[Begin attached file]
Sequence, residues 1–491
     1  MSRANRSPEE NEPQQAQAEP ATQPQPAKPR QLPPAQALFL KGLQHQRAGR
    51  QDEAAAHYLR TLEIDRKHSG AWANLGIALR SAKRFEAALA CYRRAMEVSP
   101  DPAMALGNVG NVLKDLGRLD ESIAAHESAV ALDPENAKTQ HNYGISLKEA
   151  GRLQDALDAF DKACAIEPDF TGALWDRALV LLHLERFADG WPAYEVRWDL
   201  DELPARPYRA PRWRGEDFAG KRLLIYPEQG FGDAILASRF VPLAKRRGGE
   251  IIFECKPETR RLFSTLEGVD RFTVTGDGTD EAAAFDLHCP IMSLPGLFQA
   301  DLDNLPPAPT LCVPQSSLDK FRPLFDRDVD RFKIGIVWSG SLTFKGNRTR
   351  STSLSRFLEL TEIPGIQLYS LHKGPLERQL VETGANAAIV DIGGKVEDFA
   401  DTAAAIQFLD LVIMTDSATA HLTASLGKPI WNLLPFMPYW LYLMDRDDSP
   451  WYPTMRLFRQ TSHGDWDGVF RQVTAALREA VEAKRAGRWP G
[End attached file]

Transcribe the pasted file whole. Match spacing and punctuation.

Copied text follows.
Sequence, residues 1–491
     1  MSRANRSPEE NEPQQAQAEP ATQPQPAKPR QLPPAQALFL KGLQHQRAGR
    51  QDEAAAHYLR TLEIDRKHSG AWANLGIALR SAKRFEAALA CYRRAMEVSP
   101  DPAMALGNVG NVLKDLGRLD ESIAAHESAV ALDPENAKTQ HNYGISLKEA
   151  GRLQDALDAF DKACAIEPDF TGALWDRALV LLHLERFADG WPAYEVRWDL
   201  DELPARPYRA PRWRGEDFAG KRLLIYPEQG FGDAILASRF VPLAKRRGGE
   251  IIFECKPETR RLFSTLEGVD RFTVTGDGTD EAAAFDLHCP IMSLPGLFQA
   301  DLDNLPPAPT LCVPQSSLDK FRPLFDRDVD RFKIGIVWSG SLTFKGNRTR
   351  STSLSRFLEL TEIPGIQLYS LHKGPLERQL VETGANAAIV DIGGKVEDFA
   401  DTAAAIQFLD LVIMTDSATA HLTASLGKPI WNLLPFMPYW LYLMDRDDSP
   451  WYPTMRLFRQ TSHGDWDGVF RQVTAALREA VEAKRAGRWP G